Being prepared for any interview is incredibly important and good preparation can be the difference between getting a job or being just another applicant. However, when it comes to security companies, the safety of their employees, equipment, and facilities literally depends on hiring the right person. When you apply for a security guard position, your prospective employer will not only look for technical ability and relevant experience, but will also want to know that you have excellent character and the ability to think on your feet. Poor interview responses can raise red flags that could cost you the job. To help you out, here are eight interview questions that you’re likely to hear during a job interview for a security guard position and things to think about when answering them. Be sure to tailor this advice to your personal resume and the role you’re applying for as everyone has a different experience.
What is your relevant experience?
Your research should tell you what duties are expected of you in this job and you should be able to relate past experiences to them. Give information about certain scenarios you were faced with and how you handled them. This could include condominium security, bouncing, body-guarding, armed security, money transfer, personal security, and more. Be sure to tell the interviewer that you enjoyed the work and would like to have the same position again. If you do not have any experience, however, try to emphasize that you know what is expected from a good security guard, aren’t afraid of the dangers the job presents, and are eager to learn.
What do you feel the main responsibilities of a security guard are?
These answers can be found simply by looking at the job description and listing those skills back to the interviewer, such as patrolling property, monitoring surveillance equipment, permitting entry to a building, etc. You can also just summarize the job in one sentence. Alternatively, you can say that the main responsibility of a security guard is to keep the workers/customers and the property safe from criminal activity and any other disaster. Be sure to show the interviewer that you understand the job and look at it responsibly. Show them that you know your goals and the things and people you should protect and are ready to do so.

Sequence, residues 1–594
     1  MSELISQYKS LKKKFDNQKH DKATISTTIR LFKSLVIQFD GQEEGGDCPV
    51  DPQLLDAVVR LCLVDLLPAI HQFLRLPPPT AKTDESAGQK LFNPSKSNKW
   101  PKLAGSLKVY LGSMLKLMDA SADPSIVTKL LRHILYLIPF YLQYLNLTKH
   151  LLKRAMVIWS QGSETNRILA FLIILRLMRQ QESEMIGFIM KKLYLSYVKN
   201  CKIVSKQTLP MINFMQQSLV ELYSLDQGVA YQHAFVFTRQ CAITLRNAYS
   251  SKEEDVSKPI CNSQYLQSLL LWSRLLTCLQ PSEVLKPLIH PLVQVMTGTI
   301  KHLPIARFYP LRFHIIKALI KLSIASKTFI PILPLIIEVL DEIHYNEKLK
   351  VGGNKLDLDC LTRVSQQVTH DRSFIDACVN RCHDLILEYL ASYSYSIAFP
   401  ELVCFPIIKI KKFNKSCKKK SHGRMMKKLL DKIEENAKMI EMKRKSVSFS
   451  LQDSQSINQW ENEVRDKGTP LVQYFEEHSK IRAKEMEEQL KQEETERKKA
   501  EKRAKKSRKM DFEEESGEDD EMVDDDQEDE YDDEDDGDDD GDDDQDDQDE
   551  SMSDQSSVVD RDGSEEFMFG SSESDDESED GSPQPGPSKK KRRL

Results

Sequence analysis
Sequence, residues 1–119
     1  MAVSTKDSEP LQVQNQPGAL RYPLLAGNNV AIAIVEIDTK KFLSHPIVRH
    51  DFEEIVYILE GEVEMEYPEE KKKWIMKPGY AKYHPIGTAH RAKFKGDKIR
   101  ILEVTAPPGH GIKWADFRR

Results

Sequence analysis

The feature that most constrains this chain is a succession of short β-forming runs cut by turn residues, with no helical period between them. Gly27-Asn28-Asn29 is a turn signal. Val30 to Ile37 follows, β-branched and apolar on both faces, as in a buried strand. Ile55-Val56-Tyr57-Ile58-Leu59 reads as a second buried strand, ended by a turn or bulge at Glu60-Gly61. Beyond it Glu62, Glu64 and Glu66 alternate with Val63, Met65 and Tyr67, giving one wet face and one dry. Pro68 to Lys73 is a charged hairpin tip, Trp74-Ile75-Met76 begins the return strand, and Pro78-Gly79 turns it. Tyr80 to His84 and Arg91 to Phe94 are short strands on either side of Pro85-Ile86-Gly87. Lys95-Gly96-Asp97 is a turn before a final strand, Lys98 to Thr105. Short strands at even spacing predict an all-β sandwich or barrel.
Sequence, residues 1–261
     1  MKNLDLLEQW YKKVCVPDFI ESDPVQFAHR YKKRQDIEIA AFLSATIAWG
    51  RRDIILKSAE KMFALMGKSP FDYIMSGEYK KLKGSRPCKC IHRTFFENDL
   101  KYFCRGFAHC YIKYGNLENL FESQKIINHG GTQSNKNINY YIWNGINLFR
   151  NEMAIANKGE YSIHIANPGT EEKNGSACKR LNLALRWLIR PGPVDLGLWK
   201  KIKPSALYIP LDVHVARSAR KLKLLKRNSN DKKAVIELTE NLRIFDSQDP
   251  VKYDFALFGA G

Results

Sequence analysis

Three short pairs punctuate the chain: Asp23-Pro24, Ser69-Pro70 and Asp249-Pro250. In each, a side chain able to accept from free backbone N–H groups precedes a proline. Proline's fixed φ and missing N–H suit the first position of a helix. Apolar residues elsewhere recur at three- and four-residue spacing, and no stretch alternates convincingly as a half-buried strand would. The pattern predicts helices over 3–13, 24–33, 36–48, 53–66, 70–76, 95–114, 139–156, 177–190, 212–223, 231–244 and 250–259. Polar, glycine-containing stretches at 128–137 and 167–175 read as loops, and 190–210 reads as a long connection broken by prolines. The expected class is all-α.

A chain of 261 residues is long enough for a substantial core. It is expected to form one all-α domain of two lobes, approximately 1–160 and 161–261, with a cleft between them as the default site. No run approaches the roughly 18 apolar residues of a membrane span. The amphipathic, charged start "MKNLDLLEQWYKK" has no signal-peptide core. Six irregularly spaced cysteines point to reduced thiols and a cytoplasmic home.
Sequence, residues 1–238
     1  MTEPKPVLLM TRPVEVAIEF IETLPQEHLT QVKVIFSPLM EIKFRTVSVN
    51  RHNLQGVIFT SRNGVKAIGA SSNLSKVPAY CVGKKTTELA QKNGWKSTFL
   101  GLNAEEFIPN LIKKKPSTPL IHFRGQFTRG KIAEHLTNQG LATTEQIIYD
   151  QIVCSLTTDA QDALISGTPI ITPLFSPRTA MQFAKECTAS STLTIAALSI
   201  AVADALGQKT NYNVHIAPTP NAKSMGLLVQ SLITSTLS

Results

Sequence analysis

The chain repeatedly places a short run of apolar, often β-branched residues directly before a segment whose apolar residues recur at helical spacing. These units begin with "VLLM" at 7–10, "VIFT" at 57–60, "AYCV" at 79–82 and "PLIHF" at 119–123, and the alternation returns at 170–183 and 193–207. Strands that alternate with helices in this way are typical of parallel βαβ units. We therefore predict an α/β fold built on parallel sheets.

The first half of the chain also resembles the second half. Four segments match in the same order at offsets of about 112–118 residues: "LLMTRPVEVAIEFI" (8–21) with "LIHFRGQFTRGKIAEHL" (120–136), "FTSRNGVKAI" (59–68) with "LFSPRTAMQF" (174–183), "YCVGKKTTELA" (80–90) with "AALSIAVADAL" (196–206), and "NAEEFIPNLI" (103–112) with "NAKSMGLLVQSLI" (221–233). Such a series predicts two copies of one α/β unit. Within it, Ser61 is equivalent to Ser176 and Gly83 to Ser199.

What are some of your strengths on the job?
This question is often asked in interviews for all types of positions because the answer can tell the interviewer a lot about the interviewee. Always be honest and don’t exaggerate as exaggeration will be noticed eventually. Be sure to prepare an answer that emphasizes the skills and requirements outlined in the job listing and match your abilities to the company’s needs and goals. Focus your reply on what makes you stand out from the competition. Good strengths to mention are strong work ethic, quick thinking skills, good with teamwork, able to work independently, self-control and the ability to remain calm in all situations.
How do you deal with risky situations?
Being a security guard requires vigilance as you’re dealing with potential threats in every shift. If you’ve never felt threatened at work, ask the interviewer if you should discuss a threat you encountered in your private life. Ideally, these threats should have come from other people as your answer is supposed to indicate how you’ll respond to threats in your work as a security guard. If you’ve never felt threatened by another human being, ask if some other form of danger (e.g. an earthquake) might be considered relevant. Be sure to relay how you analyzed the situation before taking action so that you could choose the safest method of dealing with it.